Rather, I can see it:
You have your own jobs you go to
And your own homes to come to
There, you’re lord and master
Of your own personal castle
In a kingdom you want to expand
To points beyond everything you can see
Why do you do the things you do?
I don’t need to ask
For I can accurately guess:
The world doesn’t fit your narrow definition
Of the world sharing your morality
You’re mad that that number’s less than a plurality
And for that… you retaliate against all humanity?!
What makes us, us… and not like you
Yes, I know this will add to your petulance
But the whole world doesn’t share your stance
We admire others, near and far
And let them live freely
No matter who they love or what they are
We treat people with respect
And not try to mold them into an object
That came from an assembly line
What makes us all human beings
We’re born, we’ll die
And in between
We’ll live and breathe
And do our own things
If it’s not the same as your life
It doesn’t give you any right
To mold us into something you desire us to be
So don’t shun us, harm us, or taunt us
And with whitewash, don’t paint us
Your principles don’t make you our principal
So please let us live free
Because we’re all independent
Living with good intent
And if you take time to know us
You’ll recognize something in us
We are not strange and peculiar
Our character is what build our character
It’s not just who we are
It’s also how we live to be
No, this post isn’t about Playboy, though hopefully when you finish reading you’ll understand why I titled this post with that magazine’s former tagline. This is going to be a rant about a recent controversy a certain fashion retailer got into. That company is Victoria’s Secret, the (in)famous designer of lingerie and women’s wear that are nowhere near the dowdy floral gowns its founder frequently found on sales racks. It’s a safe bet that the mall near you has a Victoria’s Secret selling scantily designed undergarments and/or a PINK store selling sleepwear for the college-age set.
Before I get into the controversy in question, take a gander at this photo. (Gentlemen, don’t drool.)
What do you see in that photo? Obviously, you see a multitude of beautiful women. That photo is from last year’s Victoria’s Secret Fashion Show. Every year since 1995, and every holiday season since 2001, Victoria’s Secret sets up a very glitzy show to showcase and promote its lingerie, sleepwear, or whatever else they’re selling. It’s not a sedate affair for sure: The setting is elaborately designed; the music is live and pulsating; the costumes are extravagant; and the star wattage is high, with A-list stars both strutting the catwalk and providing the music.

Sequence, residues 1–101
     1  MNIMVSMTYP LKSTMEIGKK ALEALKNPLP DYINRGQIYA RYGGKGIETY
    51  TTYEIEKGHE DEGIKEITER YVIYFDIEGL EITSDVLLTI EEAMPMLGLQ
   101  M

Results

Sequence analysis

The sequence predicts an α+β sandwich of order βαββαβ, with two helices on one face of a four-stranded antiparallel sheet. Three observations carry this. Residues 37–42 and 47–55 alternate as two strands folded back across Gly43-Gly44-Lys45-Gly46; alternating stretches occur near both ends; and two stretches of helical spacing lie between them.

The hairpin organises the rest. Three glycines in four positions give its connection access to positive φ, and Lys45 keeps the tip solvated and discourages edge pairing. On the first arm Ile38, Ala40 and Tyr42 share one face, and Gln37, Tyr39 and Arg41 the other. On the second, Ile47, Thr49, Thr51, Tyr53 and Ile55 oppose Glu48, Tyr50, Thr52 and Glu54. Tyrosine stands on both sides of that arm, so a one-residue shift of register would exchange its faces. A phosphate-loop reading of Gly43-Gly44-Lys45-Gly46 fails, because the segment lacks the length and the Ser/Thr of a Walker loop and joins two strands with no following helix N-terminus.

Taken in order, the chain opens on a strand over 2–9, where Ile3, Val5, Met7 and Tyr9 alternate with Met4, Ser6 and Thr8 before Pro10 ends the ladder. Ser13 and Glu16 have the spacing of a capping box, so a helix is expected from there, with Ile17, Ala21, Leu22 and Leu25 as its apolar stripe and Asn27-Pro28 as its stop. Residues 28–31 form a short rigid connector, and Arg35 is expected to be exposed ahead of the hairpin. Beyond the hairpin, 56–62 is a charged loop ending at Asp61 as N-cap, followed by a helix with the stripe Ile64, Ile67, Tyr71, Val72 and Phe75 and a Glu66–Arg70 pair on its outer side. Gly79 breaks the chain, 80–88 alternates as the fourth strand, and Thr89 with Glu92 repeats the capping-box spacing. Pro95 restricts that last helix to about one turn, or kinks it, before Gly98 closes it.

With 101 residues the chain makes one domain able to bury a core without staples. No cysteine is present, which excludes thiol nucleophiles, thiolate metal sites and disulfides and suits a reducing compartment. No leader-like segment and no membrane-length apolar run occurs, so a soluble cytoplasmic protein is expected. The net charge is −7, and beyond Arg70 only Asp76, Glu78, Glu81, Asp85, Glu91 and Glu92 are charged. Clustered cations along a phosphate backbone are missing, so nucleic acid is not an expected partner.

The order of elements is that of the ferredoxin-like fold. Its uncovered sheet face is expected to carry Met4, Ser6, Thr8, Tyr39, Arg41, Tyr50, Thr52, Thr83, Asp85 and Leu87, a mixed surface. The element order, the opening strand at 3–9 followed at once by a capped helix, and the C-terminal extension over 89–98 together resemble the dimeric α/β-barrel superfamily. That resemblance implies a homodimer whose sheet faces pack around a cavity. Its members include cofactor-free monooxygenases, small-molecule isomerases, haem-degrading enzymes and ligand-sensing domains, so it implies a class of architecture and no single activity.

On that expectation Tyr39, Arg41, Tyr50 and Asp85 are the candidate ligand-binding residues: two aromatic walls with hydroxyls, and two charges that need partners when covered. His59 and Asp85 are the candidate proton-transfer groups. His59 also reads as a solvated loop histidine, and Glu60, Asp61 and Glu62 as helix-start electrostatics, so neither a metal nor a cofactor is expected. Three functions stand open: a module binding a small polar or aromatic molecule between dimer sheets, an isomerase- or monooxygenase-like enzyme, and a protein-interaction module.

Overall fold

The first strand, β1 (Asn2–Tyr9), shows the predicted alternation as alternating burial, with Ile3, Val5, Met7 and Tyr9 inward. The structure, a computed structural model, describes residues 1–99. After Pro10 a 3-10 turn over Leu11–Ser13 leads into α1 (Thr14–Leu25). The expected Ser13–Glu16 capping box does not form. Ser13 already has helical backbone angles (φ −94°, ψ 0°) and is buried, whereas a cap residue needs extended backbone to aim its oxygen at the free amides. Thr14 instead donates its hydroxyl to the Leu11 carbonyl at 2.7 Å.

This is the Sunday morning of the OutReach Pride Parade/Rally here in Madison. Later this afternoon, members of the LGBT+ community will march proudly down State Street and celebrate our hard-fought freedom to live as our true selves.
But as you may have guessed from my previous two posts, this pride weekend in Madison isn’t quite the lovey dovey moment it should be. This year’s OutReach Pride theme is “Stand up! Speak out! Fight back!” However, it’s been an inward fight rather than an outward one against those who shun our community. And it’s clearly more than an issue of whether the cops can march in the parade or whether said cops are willing to listen. At the risk of airing out private conversations, there’s been a bit of resentment within the trans/CD support group I’m a part of. Well, at least there is an issue within the private Facebook page our group utilizes. The same people who raised valid issues about the police presence in the parade and how said police treat trans and queer persons of color are also challenging us to embrace that very same TQPOC community. And while it’s not like a civil war in our group, the boisterous comments in our Facebook page over the past week-plus — heck, within the past 24 hours — sure make it feel like one.
I’ve been away from WordPress for over a week and, boy oh boy, has a lot happened around here. For one, I am in the midst of new temporary employment, which I promise to expound on in a later post. But I want to devote this post to a little something… okay, a rather big something that’s been going on here in Madison, one that has plagued the biggest and most important event in Madison’s LGBT+ community.
I’ll cut to the chase and let you know of the outcome: There will be an OutReach Pride parade this coming Sunday afternoon, starting at the west end of State Street, circling once around Capitol Square, and ending with a rally. And baring anything unforeseen on my end, I will be there as Allison and marching with fellow members of our crossdressing/transgender support group.
You may be reading that and are thinking that there was a possibility that the parade and rally wouldn’t be taking place at all. On the contrary, the event is not in any danger of not taking place. However, it will be taking place without one prominent group of participants — law enforcement. Had they been part of the parade, there would have been another prominent group with real disdain for law enforcement who would have boycotted the event.